Slowly does it to succeed in South Africa
WILD GEESE: Aiden Connolly, MD, Lowe and Partners Advertising, Cape Town. It took a while for this Waterford man to assimilate to the ‘Rainbow Nation’.
BILL CORCORAN in Cape Town
WILD GEESE: Aiden Connolly, MD, Lowe and Partners Advertising, Cape Town It took a while for a Waterford man to assimilate to the ‘Rainbow Nation’
It was a confluence of personal and professional circumstances that prompted Aiden Connolly to pack his bag, surfboard and notions of self-importance and swap Ireland for South Africa in late 2008.
The Waterford marketer’s South African girlfriend returned home to Cape Town at the end of that year because her Irish study visa had expired; at the time, as now, Ireland’s economy was in the grip of austerity.
At the time Connolly worked for Lexus Ireland as the luxury car company’s head of marketing and customer experience, a position he describes as his “dream job”. But as the months passed “the writing was on the wall” for the country’s car industry, he says.
“It was difficult to leave, but I could see the industry was being decimated by destructive government decisions around car tax which was compounded by the uncertainty of our economy,” recalls Connolly as we sit in Lowe and Partners Advertising’s offices at Cape Town’s VA Waterfront.
“And when you add to that Camilla [van der Walt, his girlfriend] having to go home to Cape Town, I decided it was time for a change and a fresh challenge,” he added.
With a three-month visa in his pocket and a surfboard under his arm, Connolly pitched up in the Western Cape’s capital expecting to pick up where he left off in Ireland, in terms of his career graph.
As is often the case, the reality did not mirror the expectations he harboured.
“Finding employment proved to be a lot more challenging than I bargained for. I thought my work experience in Ireland would mean getting work would be fairly easy, but that was not the case and I ended up surfing more than working during the first year.
“To be a successful marketer, you need to have an innate understanding of people and their motivations, and here I was in a country with a huge diversity in culture, income and racial baggage, with lots of assumptions and very little African experience,” he says.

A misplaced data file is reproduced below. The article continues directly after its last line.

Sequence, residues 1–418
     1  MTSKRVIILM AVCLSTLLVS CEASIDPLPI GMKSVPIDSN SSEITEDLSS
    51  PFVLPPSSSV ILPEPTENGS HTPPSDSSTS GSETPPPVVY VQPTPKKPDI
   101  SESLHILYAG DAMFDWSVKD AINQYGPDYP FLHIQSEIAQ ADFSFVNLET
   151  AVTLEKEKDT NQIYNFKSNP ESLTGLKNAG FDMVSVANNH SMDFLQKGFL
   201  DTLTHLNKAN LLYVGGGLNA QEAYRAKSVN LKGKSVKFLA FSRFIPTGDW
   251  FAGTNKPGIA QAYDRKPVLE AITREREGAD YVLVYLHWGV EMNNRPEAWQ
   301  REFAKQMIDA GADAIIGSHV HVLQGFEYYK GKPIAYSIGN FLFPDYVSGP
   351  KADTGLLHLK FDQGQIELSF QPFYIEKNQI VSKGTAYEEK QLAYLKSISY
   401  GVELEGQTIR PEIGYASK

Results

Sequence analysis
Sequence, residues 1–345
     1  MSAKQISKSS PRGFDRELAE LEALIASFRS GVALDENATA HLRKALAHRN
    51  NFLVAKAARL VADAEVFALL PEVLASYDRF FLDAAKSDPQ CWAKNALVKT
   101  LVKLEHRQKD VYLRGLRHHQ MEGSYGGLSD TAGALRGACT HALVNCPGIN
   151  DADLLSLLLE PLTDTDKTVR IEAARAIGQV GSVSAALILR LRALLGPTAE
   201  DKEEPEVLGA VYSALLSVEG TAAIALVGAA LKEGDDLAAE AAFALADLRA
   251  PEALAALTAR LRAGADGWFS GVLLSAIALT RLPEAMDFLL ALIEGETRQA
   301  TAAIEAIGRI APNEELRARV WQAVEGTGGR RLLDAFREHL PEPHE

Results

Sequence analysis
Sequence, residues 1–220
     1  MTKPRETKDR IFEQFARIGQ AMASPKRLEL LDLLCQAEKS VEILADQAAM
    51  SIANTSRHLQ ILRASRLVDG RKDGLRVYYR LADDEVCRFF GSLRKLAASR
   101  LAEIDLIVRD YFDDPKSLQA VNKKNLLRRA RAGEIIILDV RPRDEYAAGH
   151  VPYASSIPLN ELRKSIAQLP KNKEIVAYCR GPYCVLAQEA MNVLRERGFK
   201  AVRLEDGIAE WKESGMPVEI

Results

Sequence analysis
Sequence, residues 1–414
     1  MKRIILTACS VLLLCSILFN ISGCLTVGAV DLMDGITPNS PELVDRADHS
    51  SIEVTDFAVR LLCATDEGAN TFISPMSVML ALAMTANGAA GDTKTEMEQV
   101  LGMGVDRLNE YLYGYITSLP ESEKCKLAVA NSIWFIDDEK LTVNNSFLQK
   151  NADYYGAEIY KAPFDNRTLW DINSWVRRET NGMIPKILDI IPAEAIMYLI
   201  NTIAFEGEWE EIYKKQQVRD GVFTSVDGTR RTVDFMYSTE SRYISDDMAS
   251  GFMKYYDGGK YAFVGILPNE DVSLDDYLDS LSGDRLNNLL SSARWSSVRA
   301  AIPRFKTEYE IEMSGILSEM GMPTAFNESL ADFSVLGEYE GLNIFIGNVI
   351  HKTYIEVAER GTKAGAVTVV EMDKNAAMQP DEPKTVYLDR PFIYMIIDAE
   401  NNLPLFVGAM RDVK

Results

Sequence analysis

Initially, the 38-year-old volunteered as a small business mentor in the Kayamandi township near Stellenbosch, a town known for its vineyards an hour outside of Cape Town, the Western Cape’s provincial capital.
And while it was eye-opening and distressing to see the difficult life of many black South Africans, he maintains it was a worthwhile undertaking as “it gave me a rich understanding and love for black culture in today’s Rainbow Nation”.
After meeting a former Lexus colleague by chance, he went on to became dealer principal for an automotive group for two years and when an opportunity arose in late 2011 to join Lowe and Partners Advertising as the company’s client services director, he jumped at it.
After a year in this business, Connolly has recently been appointed managing director of the international advertising agency’s Cape Town office.
When asked to compare Ireland’s advertising industry with that of his adopted country, Connolly maintains South Africa has a creative advantage over his homeland that is rooted in its liberation struggle.
“The South African people’s drive to overcoming apartheid has fashioned an environment in which challenges that seem impossible at first are not off-putting … Because of the history here many people believe that anything is possible.
“This is especially noticeable amongst black South Africans. From an agency perspective this is invaluable because people are not put off by the obstacles one faces in trying to get an idea off the ground,” he says.
Cape Town itself also holds added benefits for the advertising industry, he says, because the city tends to attract creative and interesting people due to its cosmopolitan feel and natural beauty.
“The culture of creativity and entrepreneurship allows ideas to incubate for longer than I’ve seen back home. And this makes for bigger and bolder strategies and campaigns. That said, a huge factor that contributes to this longer incubation period is the cost of labour, which is significantly lower here than it is in Europe,” he states.
However, there is a downside to working in South Africa’s advertising industry, Connolly concludes.
“Unfortunately there can be a culture of laziness and ineptitude and, among some people, there is a shocking lack of integrity both personally and professionally,” he says.
Connolly says many of the Irish people he has met in South Africa have come into the country under the exceptional skills work permit, a visa that allows foreigners with sought after skills to gain employment in a country where local unemployment remains above 25 per cent of the working population.
“For anyone thinking of moving here, the first port of call should be to try and get an intra-company transfer as getting a work visa can be tricky. Once that has been overcome, I’d advise Irish people to soak up the diversity and culture South Africa offers.
“In Ireland most people are Irish born and bred, so the culture is similar throughout the country.
“But in South Africa each racial group is very different and they don’t respond in the same way, and it requires humility and respect to communicate in a meaningful way,” he advises.